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How much will it hurt? What about the nausea?

These are totally appropriate question for people to have when they’re thinking about surgery. The good news is that bariatric surgeons have made big strides in reducing pain and nausea over the last few years. This is obviously a good thing on its own. The cool thing is that reduced pain leads to a shorter hospital stay and then quicker recovery.

The big improvements have come from preemptive treatment of pain and nausea before the surgery even begins. In other words, we no longer follow the old school strategy of treating pain after surgery, instead, we use several tools to suppress the pain and to avoid stimulating nausea.

Old school approach was to react to the pain, and we administered a lot of medicines from the opioid/narcotic group. These can be very effective in suppressing pain, and they still have a place in the surgical toolkit, but the more we depend on them the more downsides we face.

There are several immediate adverse effects from opioids:

  • Drowsiness
  • Respiratory suppression – low oxygen, higher risk of pneumonia (lung infection)
  • Less activity, less walking
  • Nausea, which actually gets worse with higher doses or IV meds
  • Impaired GI function – persisting nausea and later constipation

Sustained adverse effects

  • Slower pain resolution
  • Conversion to long term pain syndromes
  • In a number of patients, life-destroying effects of narcotic addiction

Beyond the first day or two from surgery, opioid meds don’t really treat the pain. Instead, they put the pain “on hold.” The situation ends up being like taking out a pain “loan,” just like you would take a loan from the bank. You will have to work through the pain eventually, and “with interest.”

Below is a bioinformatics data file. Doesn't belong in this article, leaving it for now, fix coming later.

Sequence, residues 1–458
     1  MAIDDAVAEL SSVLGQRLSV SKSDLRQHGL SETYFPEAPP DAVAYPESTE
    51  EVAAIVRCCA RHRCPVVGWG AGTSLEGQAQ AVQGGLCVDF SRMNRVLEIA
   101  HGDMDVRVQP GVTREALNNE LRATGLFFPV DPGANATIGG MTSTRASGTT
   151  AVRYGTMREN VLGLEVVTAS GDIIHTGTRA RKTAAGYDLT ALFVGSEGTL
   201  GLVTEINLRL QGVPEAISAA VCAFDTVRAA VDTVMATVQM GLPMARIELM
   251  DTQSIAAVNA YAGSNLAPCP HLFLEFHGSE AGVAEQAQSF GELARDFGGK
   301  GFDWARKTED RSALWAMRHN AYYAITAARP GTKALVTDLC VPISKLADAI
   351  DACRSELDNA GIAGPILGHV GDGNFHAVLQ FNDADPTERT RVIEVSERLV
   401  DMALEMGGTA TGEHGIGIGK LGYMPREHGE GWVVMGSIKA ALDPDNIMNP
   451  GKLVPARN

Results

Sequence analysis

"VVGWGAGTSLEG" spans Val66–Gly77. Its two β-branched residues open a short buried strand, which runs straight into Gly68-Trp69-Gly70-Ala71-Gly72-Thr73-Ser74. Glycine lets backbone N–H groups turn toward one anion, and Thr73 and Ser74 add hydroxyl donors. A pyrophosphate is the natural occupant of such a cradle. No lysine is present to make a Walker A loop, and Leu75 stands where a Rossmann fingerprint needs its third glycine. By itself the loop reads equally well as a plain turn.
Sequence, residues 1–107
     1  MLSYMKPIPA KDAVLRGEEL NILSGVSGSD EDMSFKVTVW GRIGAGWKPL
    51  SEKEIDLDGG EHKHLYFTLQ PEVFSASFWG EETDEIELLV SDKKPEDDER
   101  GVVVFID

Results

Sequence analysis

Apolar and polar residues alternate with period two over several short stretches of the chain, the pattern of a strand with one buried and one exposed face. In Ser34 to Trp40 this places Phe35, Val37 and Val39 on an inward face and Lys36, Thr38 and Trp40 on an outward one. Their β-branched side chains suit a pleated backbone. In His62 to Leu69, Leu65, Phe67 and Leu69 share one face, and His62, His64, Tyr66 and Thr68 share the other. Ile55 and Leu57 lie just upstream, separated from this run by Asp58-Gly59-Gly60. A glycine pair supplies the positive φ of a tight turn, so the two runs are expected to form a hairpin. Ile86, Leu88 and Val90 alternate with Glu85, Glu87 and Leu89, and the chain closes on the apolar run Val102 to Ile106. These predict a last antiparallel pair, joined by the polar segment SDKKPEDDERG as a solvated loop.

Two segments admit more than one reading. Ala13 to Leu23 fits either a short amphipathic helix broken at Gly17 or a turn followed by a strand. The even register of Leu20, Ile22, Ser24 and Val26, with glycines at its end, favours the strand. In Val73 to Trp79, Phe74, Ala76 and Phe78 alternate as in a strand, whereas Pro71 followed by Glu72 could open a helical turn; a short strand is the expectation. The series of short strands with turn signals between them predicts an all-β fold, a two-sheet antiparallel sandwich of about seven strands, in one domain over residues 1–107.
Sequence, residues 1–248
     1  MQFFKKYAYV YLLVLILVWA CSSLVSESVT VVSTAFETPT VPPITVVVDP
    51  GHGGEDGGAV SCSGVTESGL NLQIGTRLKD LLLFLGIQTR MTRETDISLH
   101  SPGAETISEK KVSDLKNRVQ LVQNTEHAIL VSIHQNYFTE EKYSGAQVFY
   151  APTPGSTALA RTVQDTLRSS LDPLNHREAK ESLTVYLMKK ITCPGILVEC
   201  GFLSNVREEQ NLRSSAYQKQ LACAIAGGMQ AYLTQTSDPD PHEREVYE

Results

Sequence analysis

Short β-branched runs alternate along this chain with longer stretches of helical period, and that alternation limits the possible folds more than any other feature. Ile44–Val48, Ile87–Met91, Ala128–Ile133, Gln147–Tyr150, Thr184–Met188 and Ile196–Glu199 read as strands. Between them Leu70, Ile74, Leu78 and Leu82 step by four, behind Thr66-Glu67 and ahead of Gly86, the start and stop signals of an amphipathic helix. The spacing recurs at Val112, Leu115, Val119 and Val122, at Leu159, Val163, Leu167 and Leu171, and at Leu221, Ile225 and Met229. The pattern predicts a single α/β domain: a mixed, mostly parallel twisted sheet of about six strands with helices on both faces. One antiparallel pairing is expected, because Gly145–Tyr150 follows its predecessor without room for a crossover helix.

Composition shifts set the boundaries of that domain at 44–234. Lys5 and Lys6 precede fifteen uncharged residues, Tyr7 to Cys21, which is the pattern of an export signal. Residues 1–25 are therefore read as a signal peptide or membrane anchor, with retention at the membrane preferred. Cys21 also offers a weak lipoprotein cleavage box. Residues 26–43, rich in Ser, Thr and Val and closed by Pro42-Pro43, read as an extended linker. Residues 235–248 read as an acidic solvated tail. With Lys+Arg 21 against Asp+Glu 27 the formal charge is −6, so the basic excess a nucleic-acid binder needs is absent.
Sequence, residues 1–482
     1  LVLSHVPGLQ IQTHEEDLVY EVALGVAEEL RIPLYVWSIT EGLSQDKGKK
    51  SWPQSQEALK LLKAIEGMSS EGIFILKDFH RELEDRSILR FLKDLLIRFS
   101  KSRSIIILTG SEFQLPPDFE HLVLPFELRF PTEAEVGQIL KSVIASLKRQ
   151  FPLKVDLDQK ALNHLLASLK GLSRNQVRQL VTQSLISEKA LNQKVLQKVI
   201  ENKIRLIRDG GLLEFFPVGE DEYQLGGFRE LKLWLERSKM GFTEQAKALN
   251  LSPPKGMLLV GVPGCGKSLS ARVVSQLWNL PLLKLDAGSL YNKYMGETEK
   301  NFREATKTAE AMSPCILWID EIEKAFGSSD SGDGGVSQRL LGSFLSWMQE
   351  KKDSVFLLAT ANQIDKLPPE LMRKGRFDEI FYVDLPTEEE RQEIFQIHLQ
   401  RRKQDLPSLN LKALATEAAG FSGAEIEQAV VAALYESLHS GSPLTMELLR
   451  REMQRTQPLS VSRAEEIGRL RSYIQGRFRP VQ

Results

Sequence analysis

There were token uses of numbing medicine, but typically only at the skin level instead of using numbing meds where the most significant nerves are located.

As far as nausea, we gastro-intestinal surgeons used to take it for granted that the work we did on the stomach or the intestine (Sleeve, Gastric Bypass) led naturally to nausea. We’ve learned that’s not correct, and that most of the nausea was caused by opioids and anesthesia meds. Anesthesia meds have become much “cleaner” in the last few years, resulting in much less nausea. And as we steadily reduce the amount of opioid meds that our patients need, we see less nausea from that source as well!

The modern approach is to do everything we can to stay ahead of the pain and nausea, then to treat the smaller residual pain using multiple different pharmacologic groups synergistically, to minimize the need for opioids.

Pre-emptive pain and nausea management begin well before surgery.

  • Hydration by mouth and by IV – reduces nausea
  • Non-opioid pain meds – these block the onset and the intensity of pain without the nausea and other opioid side effects
    – Gabapentin
    – Acetaminophen
  • Nausea blocking meds
    – Aprepitant
    – Scopolamine patch
    – Dexamethasone injection

In the operating room, we continue to block pain and nausea
“cleaner” anesthesia meds including propofol cause less nausea
LOTS of numbing medicine is injected before surgical trauma – lasts for 3 days so that by the time it wears off you are well on the way to healing and there only small pain leftover

After surgery, we give non-opioid pain meds on a regular schedule to prevent the onset of serious pain. This leaves only a small intermittent need for the opioid meds, and patients are typically past this need a few hours after surgery. We also coach our patients on active recovery beginning with walking an hour or so after surgery, instead of old-school bed rest. The more you move around after surgery, the less stiffness and thus the less pain you will experience. Pain prescriptions for home continue the synergistic schedule with little or no opioid meds.

Putting all this together, we often see patients sail through bariatric operations with no nausea and with minimal pain. Most patients find that the pain for their Sleeve or Gastric Bypass was actually less than for gallbladder removal and definitely less than something like a c-section!

Many patients go home at 4-6 hours after surgery and return to all normal activities 3-5 days after surgery. (There is still likely to be significant fatigue up to two weeks after surgery, so we recommend that you don’t commit to work or other important activities within two weeks.)